LIFE-THREATENING: A jockey stands in the sinkhole which opened up on the Calliope racetrack  last Saturday.
LIFE-THREATENING: A jockey stands in the sinkhole which opened up on the Calliope racetrack last Saturday.

I WON'T GO BACK: Racetrack sinkhole prompts call for closure

ROCKHAMPTON horse trainer Andrew Suli says he won't go back to Calliope to race again after his horse and rider came to grief when a sinkhole opened up on the track during last Saturday's race meeting.

Suli, who holds licences to race both thoroughbreds and greyhounds, said jockey safety was always at the forefront of his mind and he feared for Gladstone-based hoop Gemma Steele when she fell off his galloper Party Pardee during the third race on the card.

RELATED: Jockey ruled out of meeting after dramatic sinkhole incident

"The hole was just past the finishing post," Suli said.

"It could have been a lot worse - either horse or rider could have been killed.

"Party Pardee lost a hind shoe in the process and did a lap of honour around the track after dislodging Gemma but the horse fortunately wasn't injured, and the main thing was that Gemma wasn't seriously injured."

 

Trainer Andrew Suli with Quick Assault.
Trainer Andrew Suli with Quick Assault. Chris Ison ROK110414chorse1

After the incident in the third race on Saturday, stewards and a deputation of jockeys inspected a significant hole which had opened up on the track, about 30 metres past the winning post and two metres out from the inside running rail.

Stewards subsequently deemed the racing surface unsafe and called off the remainder of the meeting.

Steele was taken to hospital and later released.

"I'm very battered and bruised but at this stage nothing serious or broken so fingers crossed for no hidden issues," she said later.

Suli said jockey safety was always paramount.

"Even when I send horses around at trackwork every morning I'm always asking my trackwork riders every day if there's any soreness in the horses because you don't like sending them around sore," he said.

"Safety is priority - always jockey before horse.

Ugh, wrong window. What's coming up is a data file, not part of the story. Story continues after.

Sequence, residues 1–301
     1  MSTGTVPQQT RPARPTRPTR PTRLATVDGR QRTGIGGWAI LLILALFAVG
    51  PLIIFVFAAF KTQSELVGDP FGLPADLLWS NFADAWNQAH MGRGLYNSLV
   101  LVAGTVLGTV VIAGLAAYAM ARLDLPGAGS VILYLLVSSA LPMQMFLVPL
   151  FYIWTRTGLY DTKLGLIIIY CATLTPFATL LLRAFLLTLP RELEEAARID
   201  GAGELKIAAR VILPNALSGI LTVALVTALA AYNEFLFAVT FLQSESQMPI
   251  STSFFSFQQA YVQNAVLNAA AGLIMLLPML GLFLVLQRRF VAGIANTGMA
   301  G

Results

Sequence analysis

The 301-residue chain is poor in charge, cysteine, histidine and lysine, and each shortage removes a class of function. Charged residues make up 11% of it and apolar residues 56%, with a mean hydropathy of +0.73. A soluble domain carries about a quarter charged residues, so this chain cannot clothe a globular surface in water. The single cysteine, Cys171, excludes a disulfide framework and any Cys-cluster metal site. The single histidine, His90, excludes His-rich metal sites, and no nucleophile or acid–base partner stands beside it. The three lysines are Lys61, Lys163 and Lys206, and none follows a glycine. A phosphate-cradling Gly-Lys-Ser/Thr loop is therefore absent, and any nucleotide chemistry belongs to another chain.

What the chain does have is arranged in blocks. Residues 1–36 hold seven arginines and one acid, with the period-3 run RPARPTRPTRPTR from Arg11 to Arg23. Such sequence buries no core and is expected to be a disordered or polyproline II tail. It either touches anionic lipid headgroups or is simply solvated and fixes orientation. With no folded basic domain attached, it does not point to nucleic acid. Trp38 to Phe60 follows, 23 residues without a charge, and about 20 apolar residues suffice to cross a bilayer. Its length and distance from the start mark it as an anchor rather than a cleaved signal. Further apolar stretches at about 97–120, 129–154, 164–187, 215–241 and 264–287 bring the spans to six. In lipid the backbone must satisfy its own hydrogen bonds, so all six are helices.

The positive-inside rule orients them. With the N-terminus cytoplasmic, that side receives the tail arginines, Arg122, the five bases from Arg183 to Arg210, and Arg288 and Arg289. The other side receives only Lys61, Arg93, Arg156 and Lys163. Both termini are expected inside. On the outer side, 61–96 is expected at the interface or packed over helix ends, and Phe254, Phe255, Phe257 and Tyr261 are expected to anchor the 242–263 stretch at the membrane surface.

"I wouldn't go back there (Calliope) again."

Suli said he believed volunteer clubs which raced once a year like Calliope should be closed down in the interests of safety.

He said he had raised the matter with the Rockhampton-based Queensland Trainers Association (QTA).

 

The hole in the track at Calliope was deemed
The hole in the track at Calliope was deemed "significant" in the stewards' report.

"Small clubs like Calliope can still race, but they should hold their race meetings at nearby bigger clubs like Gladstone which race more regularly and have more regular track and facilities maintenance done," Suli said.

President of the QTA Ross Shannon, who is also a member of the Country Racing Panel, said he supported Suli's view that the Calliope track should be closed and the club's meetings held at Gladstone's Ferguson Park racetrack.

"That makes sense because Calliope has had a number of issues over the years with track maintenance and it's just so hard for these once-a-year meeting, volunteer race clubs, to maintain tracks and facilities to the required standard," Shannon said.

Calliope Jockey Club president Jim Neill-Ballantine told The Observer that a steel drain ran under the area of the track where the depression was discovered.

He said rain water running through the pipe would have eroded the soil and combined with dry weather which had created cracks and weak areas, the impact of Party Pardee would have caused the collapse.

Mr Neill-Ballantine said the race club was working with Racing Queensland to ensure the track was repaired according to required standards and he was confident that would be done before the club's next meeting on Boxing Day.

Due to jockey Steele requiring immediate medical treatment and being indisposed, the Queensland Racing Integrity Commission adjourned an inquiry into the incident.



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